Did you try really hard? What did you do wrong? Why did you fail?
After all these years, I don’t get upset about failure any more.
I have this system that if I fail once, I won’t fail in the same thing again. I learn, get better and move on to the next thing.
Who inspires you?
There are lots. Mario Testino, Tarun Khiwal, Aneev Rao… the list is long. But it keeps changing.
Like, earlier when I used to look at Mario Testino’s pictures or for that matter any good photographer’s work, I used to be in awe of his pictures.
I would wonder about the process — how they must have shot this picture. Is it because of the flash, the lighting or camera?
This led me to a path of research. Then you practice, practice and practice.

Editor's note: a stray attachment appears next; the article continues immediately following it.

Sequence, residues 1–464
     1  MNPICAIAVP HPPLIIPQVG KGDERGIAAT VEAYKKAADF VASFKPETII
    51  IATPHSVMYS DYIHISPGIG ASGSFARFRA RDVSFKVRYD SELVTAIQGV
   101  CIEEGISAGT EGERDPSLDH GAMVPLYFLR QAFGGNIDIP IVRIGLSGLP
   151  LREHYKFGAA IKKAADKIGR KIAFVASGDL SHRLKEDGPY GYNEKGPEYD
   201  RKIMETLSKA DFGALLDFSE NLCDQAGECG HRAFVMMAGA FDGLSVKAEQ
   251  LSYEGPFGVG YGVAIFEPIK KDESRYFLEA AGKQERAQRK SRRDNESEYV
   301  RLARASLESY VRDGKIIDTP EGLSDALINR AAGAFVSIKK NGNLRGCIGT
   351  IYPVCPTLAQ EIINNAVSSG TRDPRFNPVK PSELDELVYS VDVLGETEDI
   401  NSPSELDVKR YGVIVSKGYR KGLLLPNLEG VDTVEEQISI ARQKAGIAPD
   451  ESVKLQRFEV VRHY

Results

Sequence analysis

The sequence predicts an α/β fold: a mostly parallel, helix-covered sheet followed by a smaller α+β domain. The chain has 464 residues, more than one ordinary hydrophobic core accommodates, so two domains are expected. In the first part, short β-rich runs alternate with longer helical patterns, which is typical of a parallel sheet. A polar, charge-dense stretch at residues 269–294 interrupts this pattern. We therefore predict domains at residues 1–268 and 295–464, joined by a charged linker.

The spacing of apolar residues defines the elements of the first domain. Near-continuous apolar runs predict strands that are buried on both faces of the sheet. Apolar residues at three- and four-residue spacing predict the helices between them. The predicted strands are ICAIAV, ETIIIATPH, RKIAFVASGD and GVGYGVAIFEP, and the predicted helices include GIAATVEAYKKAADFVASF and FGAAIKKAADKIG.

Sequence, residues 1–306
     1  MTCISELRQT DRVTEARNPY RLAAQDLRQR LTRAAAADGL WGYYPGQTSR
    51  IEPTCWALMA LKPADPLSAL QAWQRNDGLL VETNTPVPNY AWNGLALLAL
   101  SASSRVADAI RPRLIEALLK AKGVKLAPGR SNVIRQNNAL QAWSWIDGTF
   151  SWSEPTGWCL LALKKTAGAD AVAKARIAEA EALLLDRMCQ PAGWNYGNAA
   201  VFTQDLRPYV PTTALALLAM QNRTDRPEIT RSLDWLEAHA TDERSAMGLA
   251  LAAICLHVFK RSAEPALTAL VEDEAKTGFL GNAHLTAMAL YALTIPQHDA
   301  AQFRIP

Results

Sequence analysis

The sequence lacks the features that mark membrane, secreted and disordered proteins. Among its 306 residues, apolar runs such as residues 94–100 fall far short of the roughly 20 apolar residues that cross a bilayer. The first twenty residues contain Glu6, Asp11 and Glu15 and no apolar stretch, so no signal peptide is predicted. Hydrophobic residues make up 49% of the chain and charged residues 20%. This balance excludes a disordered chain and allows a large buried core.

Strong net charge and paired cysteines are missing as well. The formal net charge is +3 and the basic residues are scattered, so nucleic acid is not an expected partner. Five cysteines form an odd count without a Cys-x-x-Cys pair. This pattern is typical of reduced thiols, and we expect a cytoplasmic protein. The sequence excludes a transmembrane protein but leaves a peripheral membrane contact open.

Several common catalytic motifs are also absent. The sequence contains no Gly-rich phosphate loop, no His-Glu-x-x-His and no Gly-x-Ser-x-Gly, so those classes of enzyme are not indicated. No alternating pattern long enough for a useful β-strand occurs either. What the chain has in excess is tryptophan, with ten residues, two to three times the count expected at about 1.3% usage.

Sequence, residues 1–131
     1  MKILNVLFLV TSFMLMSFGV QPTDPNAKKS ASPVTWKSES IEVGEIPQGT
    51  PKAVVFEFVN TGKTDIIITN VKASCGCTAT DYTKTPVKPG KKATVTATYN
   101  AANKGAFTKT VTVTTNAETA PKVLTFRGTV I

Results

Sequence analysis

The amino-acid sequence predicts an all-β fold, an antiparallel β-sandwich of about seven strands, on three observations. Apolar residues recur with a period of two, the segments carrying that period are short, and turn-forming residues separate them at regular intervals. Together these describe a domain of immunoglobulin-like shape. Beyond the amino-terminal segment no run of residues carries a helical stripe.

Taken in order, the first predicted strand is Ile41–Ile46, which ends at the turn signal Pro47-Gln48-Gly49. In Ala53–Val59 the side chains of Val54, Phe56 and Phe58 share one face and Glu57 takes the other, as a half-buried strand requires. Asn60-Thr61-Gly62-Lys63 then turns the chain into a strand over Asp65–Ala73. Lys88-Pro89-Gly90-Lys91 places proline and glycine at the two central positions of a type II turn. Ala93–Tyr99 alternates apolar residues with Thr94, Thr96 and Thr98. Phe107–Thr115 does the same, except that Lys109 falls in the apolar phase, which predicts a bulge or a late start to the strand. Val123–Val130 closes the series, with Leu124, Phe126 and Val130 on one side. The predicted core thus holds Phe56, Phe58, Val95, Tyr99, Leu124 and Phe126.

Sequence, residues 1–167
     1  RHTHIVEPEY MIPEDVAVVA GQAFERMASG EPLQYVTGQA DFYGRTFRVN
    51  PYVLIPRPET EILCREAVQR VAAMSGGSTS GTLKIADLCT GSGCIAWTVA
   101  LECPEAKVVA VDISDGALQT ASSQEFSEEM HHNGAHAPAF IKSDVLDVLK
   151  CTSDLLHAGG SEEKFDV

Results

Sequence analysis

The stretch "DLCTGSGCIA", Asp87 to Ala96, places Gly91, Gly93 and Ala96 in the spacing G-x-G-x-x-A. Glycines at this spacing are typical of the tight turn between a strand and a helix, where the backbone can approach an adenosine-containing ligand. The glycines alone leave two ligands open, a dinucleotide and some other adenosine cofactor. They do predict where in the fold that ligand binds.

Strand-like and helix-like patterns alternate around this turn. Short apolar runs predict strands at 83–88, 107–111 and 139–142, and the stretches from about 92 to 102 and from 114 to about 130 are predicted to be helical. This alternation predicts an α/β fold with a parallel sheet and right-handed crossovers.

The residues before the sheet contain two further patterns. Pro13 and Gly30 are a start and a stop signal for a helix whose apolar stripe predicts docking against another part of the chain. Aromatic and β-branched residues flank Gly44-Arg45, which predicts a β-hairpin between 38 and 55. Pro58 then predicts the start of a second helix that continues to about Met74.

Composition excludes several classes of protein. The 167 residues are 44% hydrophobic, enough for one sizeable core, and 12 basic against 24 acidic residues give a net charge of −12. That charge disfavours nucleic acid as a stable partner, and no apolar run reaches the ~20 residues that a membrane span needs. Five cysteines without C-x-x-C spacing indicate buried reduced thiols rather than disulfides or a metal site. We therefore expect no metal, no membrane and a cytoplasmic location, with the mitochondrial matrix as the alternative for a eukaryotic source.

And the more I began to observe their work closely, I realised that I don’t need to idolise anyone. Because everyone must have gone through this rabbit hole at some point of their careers before they perfected their work and landed this signature style.
After spending so many years, I have reached a stage today, where I am like: I used to like this person’s work, now I don’t. I like my own work better. But how can I make it better?
What new can I learn today?
So I am looking for new inspiration every day.
Today, I appreciate photographers for who they are.
Any tips for aspiring photographers
Don’t put a title to what you want to be. Don’t say I want to be a fashion/wildlife photographer.
Do it because you enjoy what you do. That’s how you will learn to treat your subject as a celebrity.
When I used to shoot my friends or cousins, I used to tell myself: I want to make them look a better version of themselves.
That’s how I started: ‘I don’t care who you are or who you think you are. When you are in front of my camera, I’ll make you look better than what you think you are.’